• Finally, if you have water elevation values at known distances along the line, you could simply import them via a spreadsheet, using the guidelines below:
    • The X value in the XS2D data frame is the distance along the SectionLine feature used to create the XS2D data frame. So if a section line is 1000m long, X=0m is for the start, and X=1000m is for the end. You could automatically calculate this distance if you don't have it by running the Add XY Coordinates (Data Management) tool to get the X values in the attribute table, and then copy them to a spreadsheet.
    • The Y values in the XS2D data frame are simply real-world elevation values, multiplied by the Vertical Exaggeration value of the XS2D data frame. For example, if you have a water level of -100m, and a vertical exaggeration of 20, then it will be plotted in the XS2D data frame with a Y value of -2000 (-100 * 20).
    • After getting the X values (distance along the curve), you could simply calculate the Y values as well. If you have depth values, be sure to convert the water levels to elevations, and once you have elevations, multiply by the vertical exaggeration.
    • Then, run the Add XY Data tool in ArcMap. Put the points into an XS2D point layer, and add it to the XS2D cross section data frame. Then make an XS2D line feature class (as mentioned above), and use the create polyline tools to sketch out the water levels (as mentioned above) - basically connecting the dots. When making the line features, make sure that they snap to the points you just created.

Try using AHGW to create water levels or other structures in ArcMap today!

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Tips for Reprojecting Quadtrees

Are you using a mix of projections or coordinate systems in your SMS project? SMS allows for using data with a variety of projections. That said, when using multiple projections, care must be taken in how the data is imported and incorporated into the project. Issues can appear with mixing certain types of projection units, such as meters and arc degrees. Also, there are limitations for reprojecting certain geometries, such as quadtree grids.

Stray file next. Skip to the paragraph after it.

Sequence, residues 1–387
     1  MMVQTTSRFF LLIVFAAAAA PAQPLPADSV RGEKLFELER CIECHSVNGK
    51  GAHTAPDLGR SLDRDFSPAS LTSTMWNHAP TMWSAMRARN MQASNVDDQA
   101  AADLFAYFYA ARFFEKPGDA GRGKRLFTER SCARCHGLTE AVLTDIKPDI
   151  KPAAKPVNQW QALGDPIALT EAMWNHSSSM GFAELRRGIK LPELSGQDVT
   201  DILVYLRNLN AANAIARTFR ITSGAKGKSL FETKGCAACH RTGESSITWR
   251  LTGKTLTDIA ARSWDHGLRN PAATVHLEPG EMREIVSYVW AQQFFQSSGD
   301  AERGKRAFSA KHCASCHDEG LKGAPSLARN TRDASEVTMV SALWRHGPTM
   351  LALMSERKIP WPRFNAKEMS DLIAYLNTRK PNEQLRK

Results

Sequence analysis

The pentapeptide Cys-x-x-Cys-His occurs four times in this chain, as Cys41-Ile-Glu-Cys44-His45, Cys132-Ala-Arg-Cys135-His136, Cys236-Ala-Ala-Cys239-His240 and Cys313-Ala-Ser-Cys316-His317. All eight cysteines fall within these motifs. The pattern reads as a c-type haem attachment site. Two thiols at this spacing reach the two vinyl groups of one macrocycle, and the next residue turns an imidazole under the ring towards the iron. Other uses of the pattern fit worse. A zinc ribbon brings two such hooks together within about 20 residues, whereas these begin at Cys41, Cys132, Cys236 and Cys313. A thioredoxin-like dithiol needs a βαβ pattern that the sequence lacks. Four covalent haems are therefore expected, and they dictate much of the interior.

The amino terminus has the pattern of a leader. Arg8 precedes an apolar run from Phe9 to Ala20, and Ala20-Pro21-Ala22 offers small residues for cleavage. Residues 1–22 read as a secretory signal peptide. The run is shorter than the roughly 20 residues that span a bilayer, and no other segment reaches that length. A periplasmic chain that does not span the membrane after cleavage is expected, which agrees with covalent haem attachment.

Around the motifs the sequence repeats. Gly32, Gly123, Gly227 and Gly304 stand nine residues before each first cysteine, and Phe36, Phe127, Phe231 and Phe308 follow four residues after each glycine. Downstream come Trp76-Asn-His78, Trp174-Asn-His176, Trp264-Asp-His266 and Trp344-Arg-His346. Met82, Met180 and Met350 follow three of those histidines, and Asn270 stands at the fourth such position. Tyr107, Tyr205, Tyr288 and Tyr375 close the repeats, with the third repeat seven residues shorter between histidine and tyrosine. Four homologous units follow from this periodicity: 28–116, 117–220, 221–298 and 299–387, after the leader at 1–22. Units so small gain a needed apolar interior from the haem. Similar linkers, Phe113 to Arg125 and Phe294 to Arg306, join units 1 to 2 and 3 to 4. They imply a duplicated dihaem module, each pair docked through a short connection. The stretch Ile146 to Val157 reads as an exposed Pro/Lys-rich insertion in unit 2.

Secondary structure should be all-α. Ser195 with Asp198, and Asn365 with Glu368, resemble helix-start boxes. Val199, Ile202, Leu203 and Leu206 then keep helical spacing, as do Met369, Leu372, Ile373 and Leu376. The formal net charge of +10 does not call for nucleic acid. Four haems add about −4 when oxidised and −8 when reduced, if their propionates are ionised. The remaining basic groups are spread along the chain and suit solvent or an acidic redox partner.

If your project contains a quadtree grid, here are tips for getting the projection of the grid to align with your project projections.

Display Projections for a Quadtree
  1. Make certain that the Display Projection has been set before importing any data or creating any coverages or geometries. Doing this will define the units and projection for any created geometries even though your imported data might be different.
  2. Reproject imported data to match the display projection. A warning will appear about a round-off error, but in most cases the round-off error is not going to affect the final project. It is important to reproject the imported data so that it matches the display projection in order to avoid large errors when running the model. Note that an imported quadtree cannot be directly reprojected, and while it can be used to locate values needed for generating a new quadtree, the imported quadtree should be removed instead of reprojected.
  3. Review all of the data to make certain it aligns correctly. If you have a lot of imported data, this is a particularly important step. You can use the Translate to make minor adjustments if needed, but this is not recommended if there is a large misalignment.
  4. Once you have verified that all of the imported data is aligned, then create the quadtree grid using the quadtree generator coverage. Make certain the grid frame is correctly placed over the imported data. Note that when creating a quadtree, SMS will not extrapolate for areas that are missing data. The newly generated grid will use the same projection as the Display Projection.

After you have a quadtree with the correct projection and unit, you can finish building your project. Having your quadtree in the correct projection significantly reduces the chances of encountering an error with your project.

These tips for using projections and quadtrees can be applied to other projects in SMS. Try them out in SMS today!